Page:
It's funny but the only people who have relationship issues with my mum are those close to her. My dad is quite distant from her (which is partly why she wants such a close relationship with me maybe) but they are still together, and my brother feels the same kind of suffocation and babying (no one has ever had to lift a finger at home. I try to help out now but mum never asks anyone to do anything). DB would have less pressure on him being a boy perhaps. DH thinks my reaction is entirely reasonable!

Anyone outside our close family thinks mum is the best thing ever - hospitable, generous, good listener, kind, do anything for anyone. And she is all those things, and it's never really made sense to me why we aren't closer. I'm not sure about fear, and I think that I do have some kind of obligation in a 5th commandment kind of way, but full of guilt, yes, that is me after every interaction!

When I asked her to ring the doorbell rather than let herself in she was surprised and a bit sad, but didn't say anything and hasn't done it since. I don't want to think that things are as extreme as you have suggested, although I really appreciate your posts. It does feel good to be talking about it. I don't talk to anyone in RL (apart from DH) as we live so close that almost everyone I know knows her too.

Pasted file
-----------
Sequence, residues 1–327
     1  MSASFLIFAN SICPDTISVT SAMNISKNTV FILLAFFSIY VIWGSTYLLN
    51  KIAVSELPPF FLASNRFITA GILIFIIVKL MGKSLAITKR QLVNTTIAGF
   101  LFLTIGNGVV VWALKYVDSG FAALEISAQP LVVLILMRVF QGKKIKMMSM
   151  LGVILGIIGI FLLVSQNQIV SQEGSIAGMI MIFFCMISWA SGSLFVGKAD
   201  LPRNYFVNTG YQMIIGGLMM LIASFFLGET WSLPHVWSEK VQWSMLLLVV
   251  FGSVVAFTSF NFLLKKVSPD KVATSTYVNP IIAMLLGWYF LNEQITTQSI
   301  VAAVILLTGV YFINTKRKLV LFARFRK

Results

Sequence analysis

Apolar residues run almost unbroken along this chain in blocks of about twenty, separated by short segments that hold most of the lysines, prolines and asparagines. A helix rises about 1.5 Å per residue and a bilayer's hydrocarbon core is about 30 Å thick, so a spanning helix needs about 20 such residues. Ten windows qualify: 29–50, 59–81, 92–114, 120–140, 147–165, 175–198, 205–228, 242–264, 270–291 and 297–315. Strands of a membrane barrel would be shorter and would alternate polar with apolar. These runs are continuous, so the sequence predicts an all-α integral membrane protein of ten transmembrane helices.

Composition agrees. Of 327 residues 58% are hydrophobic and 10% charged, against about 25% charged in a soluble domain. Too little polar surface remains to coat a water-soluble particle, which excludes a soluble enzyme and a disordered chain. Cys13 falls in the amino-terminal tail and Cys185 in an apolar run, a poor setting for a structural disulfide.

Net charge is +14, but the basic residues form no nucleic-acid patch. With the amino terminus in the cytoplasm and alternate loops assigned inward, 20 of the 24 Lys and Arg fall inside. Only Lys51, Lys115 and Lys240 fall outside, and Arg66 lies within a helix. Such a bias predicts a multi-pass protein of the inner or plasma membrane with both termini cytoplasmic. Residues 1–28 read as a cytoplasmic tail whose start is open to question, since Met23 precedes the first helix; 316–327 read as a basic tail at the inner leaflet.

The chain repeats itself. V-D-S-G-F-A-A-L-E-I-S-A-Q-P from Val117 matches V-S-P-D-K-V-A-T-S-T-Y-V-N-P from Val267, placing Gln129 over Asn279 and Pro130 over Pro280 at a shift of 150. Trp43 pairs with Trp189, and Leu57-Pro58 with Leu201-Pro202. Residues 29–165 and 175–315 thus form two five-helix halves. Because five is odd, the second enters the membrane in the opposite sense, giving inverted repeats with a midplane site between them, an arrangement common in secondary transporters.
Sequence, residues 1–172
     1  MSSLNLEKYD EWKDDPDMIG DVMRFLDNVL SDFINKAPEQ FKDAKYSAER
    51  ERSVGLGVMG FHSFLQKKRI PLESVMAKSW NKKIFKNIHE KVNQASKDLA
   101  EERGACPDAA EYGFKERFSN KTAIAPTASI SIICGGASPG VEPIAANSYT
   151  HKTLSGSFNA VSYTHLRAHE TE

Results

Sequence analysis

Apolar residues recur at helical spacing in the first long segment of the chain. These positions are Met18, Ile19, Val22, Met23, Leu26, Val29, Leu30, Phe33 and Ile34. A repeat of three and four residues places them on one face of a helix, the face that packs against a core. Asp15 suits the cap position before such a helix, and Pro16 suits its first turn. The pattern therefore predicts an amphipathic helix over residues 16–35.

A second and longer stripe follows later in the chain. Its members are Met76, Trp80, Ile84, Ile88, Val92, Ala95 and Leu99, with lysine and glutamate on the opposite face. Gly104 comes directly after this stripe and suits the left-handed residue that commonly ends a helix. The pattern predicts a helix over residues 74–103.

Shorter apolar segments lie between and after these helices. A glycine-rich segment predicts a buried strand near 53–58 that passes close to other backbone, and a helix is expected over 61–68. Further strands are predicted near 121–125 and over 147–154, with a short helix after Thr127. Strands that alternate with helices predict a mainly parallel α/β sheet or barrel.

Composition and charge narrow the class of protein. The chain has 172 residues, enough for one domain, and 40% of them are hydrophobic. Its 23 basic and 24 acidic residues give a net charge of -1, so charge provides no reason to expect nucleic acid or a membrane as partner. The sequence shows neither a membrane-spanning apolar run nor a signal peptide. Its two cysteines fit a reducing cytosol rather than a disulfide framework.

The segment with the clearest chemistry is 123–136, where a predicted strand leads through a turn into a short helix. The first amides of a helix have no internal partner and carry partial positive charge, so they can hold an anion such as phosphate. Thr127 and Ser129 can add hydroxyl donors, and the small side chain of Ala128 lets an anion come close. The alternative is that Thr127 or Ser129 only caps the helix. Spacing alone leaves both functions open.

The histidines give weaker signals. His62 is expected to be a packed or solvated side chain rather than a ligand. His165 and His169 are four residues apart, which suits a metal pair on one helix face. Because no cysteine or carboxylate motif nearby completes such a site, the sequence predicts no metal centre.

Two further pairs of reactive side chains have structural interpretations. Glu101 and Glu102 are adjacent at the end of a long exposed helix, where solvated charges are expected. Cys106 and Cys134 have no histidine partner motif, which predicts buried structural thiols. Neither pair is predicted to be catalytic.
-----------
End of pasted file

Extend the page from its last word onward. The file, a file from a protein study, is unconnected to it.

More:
Thanks again.

DontstepontheMomeRaths Sun 10-Mar-13 00:04:31

I found the book by Cloud and Townsend on Boundaries very good. I think that's the biggest issue as oldtoys said. But there are an awful lot of resources mentioned in the OP and it would be worth looking at them, as you start this journey of unpacking your past.

It's not unreasonable to need more space or for her to not tell other people about your private life.

When I read Anne Dickson's book on assertiveness I had a revelation, as I am a people pleaser by nature and have trouble saying no or standing up for myself, I think I'm always in the wrong. But that book taught me a lot of strategies for dealing with strong characters and realising my needs/ wants weren't unreasonable.

Don't let fear or obligation cloud the issue. Her behaviour was unreasonable. You need firm boundaries.

You can honour her without being her best friend! When you leave home you cleve to your new husband. The apron strings have been cut now. She should have women of her own age she is friends with IMO.